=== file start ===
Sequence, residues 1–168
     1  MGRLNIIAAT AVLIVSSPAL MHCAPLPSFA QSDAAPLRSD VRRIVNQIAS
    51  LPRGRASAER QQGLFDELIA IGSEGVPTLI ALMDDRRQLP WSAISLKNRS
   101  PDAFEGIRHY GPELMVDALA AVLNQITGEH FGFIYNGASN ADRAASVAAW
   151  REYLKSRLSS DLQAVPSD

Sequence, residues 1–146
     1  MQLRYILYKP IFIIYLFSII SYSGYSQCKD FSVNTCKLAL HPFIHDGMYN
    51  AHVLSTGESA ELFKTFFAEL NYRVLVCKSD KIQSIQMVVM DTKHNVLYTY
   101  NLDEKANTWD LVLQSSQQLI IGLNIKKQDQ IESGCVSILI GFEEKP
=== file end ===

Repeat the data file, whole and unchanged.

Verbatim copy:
Sequence, residues 1–168
     1  MGRLNIIAAT AVLIVSSPAL MHCAPLPSFA QSDAAPLRSD VRRIVNQIAS
    51  LPRGRASAER QQGLFDELIA IGSEGVPTLI ALMDDRRQLP WSAISLKNRS
   101  PDAFEGIRHY GPELMVDALA AVLNQITGEH FGFIYNGASN ADRAASVAAW
   151  REYLKSRLSS DLQAVPSD

Sequence, residues 1–146
     1  MQLRYILYKP IFIIYLFSII SYSGYSQCKD FSVNTCKLAL HPFIHDGMYN
    51  AHVLSTGESA ELFKTFFAEL NYRVLVCKSD KIQSIQMVVM DTKHNVLYTY
   101  NLDEKANTWD LVLQSSQQLI IGLNIKKQDQ IESGCVSILI GFEEKP